In my previous Twinings post, i was happily surprised to learn they were making silk whole leaf pyramids too!  Now there's definitely a strong aroma that comes off this Earl Grey and on tasting i found it to have more distinct levels compared to the teapigs and JING teas which were more smooth teas.  I'd say the Twinings whole leaf Earl Grey was the most to taste of a familiar cup of tea but with a citrus bergamot taste to give it that twist.  The citrus was perhaps a little strong which very slightly reminded me of the 'washing up liquid' taste i don't like.  However, it's a still a soft tea with a woody taste and a well-rounded, long-lasting aftertaste. 

This Twinings Earl Grey teabag was the most like the Earl Greys i remember and struggle with!  The bergmot has the strongest taste out of the selection and it doesn't even attempt to be subtle about it!  I can't taste enough of the tea alongside the citrus flavour for my taste but it's worth noting that this tea is most likely drunk by those of you who like to add milk to their Earl Grey.  I didn't try it with milk but i'd bet it would balance out the citrus taste which i found quite overwhelming.  Otherwise perhaps brew it for less time and see if this is a little lighter. 

However, this is a good excuse to compare the difference between standard teabags and silk tea temples.  Are they worth the price difference?  Well i think so.  The taste between the Twinings Earl Greys are probably easiest to compare since they're the same brand.  Between these two i found the silk temple to have a more balanced tea taste, which had a lasting aftertaste compared to the pokey citrus teabag that i think relies on milk.  The flavour is probably down to the whole leaf tea rather than small dustier tea pieces and the temple allows this whole leaf flavour to swirl around in the brew.  I think these temples are a great way of mixing the convenience of teabags with the quality and taste of whole leaf tea!
Twinings teabag vs. silk pyramid
Overall, i'd say the best for me was between the teapigs Earl Grey as expected and the Twinings silk temple.  The teapigs is a more gentle choice, possibly suited to beginners that don't necessarily want something too strong to start or perhaps for the summer months because it's so refreshing.  The Twinings tastes like a 'proper brew' with an Earl Grey twist, which is a little more bold but makes it great for those winter months or if you want milk involved.  What they have in common is that they're the most familiar and subtle in flavour and therefore good for those who have been overwhelmed by very extraverted Earl Greys in the past.

The JING was lovely but it's down to personal taste and i think this one would be great for those who like a full-bodied Ceylon tea (which you might!).  The only way to find out which suits you is to try different types and for that a sample size might be a good start.  One thing i've learnt is that there's probably an Earl Grey for every taste and no one brand is the same!  Good news for those who think they don't like Earl Grey as it means you just haven't found the one for you yet!

Christmas Afternoon Tea

Saw this 'Time for tea' article in Ideal Home's 'Complete guide to Christmas' magazine!

A twist on the traditional afternoon tea, this is a great idea for entertaining guests around Christmas (or a nice bit of R&R for yourself)!  Ideal Homes recommend mismatched vintage china and decorations of mistletoe and ivy, with these beautiful photos to illustrate.  Or you might already have some Christmas tableware itching to be used!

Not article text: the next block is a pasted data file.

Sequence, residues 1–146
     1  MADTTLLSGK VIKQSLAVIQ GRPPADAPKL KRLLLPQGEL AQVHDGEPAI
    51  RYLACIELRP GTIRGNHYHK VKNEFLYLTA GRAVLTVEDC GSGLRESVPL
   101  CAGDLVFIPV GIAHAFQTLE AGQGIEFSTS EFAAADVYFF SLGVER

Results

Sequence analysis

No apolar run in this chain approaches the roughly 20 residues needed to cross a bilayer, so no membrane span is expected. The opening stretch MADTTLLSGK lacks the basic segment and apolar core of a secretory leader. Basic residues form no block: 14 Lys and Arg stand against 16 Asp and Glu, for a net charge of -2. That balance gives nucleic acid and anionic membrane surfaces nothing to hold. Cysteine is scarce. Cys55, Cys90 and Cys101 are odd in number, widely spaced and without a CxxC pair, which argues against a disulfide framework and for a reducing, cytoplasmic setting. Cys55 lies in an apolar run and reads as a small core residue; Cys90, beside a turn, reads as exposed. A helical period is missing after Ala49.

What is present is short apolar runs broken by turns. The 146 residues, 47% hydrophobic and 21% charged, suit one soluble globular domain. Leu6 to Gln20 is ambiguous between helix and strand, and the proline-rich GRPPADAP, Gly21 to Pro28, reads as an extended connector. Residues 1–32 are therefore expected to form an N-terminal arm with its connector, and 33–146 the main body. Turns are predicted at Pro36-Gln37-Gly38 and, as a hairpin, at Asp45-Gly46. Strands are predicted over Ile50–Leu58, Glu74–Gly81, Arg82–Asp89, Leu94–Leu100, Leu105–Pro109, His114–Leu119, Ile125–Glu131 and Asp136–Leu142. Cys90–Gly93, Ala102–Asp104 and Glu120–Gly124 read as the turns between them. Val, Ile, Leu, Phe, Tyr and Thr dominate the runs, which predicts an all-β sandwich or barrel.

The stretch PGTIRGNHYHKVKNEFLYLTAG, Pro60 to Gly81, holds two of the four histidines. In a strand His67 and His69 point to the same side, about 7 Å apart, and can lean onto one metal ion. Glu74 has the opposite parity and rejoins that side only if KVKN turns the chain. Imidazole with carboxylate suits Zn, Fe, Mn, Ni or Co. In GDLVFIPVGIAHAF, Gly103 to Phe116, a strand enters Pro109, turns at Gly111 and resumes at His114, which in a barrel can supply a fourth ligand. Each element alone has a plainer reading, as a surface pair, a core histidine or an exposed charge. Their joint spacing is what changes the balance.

I hadn't thought of Christmas Afternoon Tea before and think you could go for one of Twinings Christmas teas, along with your mince pies, Christmas cake or even Stollen!  There's also lots of recipe ideas in this magazine if you're making your own Christmas cakes!

If you decide to have a go, don't forget you can add your experiences to Tea Street blog's facebook page!

Thursday, 29 November 2012

Cutty Sark Tea Clipper

It's the year of the Cutty Sark

A part of the Royal Museums of Greenwich, the Cutty Sark ship was re-opened on April 25th by Her Majesty the Queen and HRH The Duke of Edinburgh.  For pictures of the official re-opening click here.  Obviously there was a lot of motivation to get the clipper tourist-ready with the London 2012 Olympic games this year, but this couldn't have been easy after the fire it endured in 2007.  

Talking of the Queen, if you saw Young Apprentice on the BBC last week, you'd have noticed that Lord Shugges himself took the young apprentices to the Cutty Sark for a project briefing!  This ship and Tea share a rich history, so it was a fitting destination because the task was to create and serve an Afternoon Tea at Blenheim Palace!  To see this episode of Young Apprentice again, click here.

Right so the Queen, Lord Sugar and then... Tea Street blog arrives!  Now let's be honest, if you don't live in London you're not going to train it in and not stop for a cup of tea first!  So on to the Cutty Sark cafe below!  

You sit under here for the cafe - what a view!

Love the choice of teaware, no pretty cups but proper crew mugs!  Never thought to use an old treacle tin as a napkin holder, note to selves!

Back to work!  On the ground floor and by the cafe you find interactive displays telling you the Cutty Sark is a Clipper ship used to import tea from China in the 1800s and that 'Clipper' was used to describe a fast vessel that could 'go at a clip', or go quickly.  

British shipbuilders may have been influenced by the Clipper ships coming from America, but they very much did their own thing and by the mid 1800s Britain had a new style of Clipper that typically had "a long narrow hull, a sharp bow, a yacht-like appearance, raking masts and a very, very large sail area." (Cutty Sark Souvenir Guide).  This design took over as a way of getting Tea from China for several years but there was still more to come.. 

Commissioned by John Willis and launched in 1869, The Cutty Sark was named after a Robert Burns poem about a beautiful witch!  

top right: Beautiful witch holding horses tail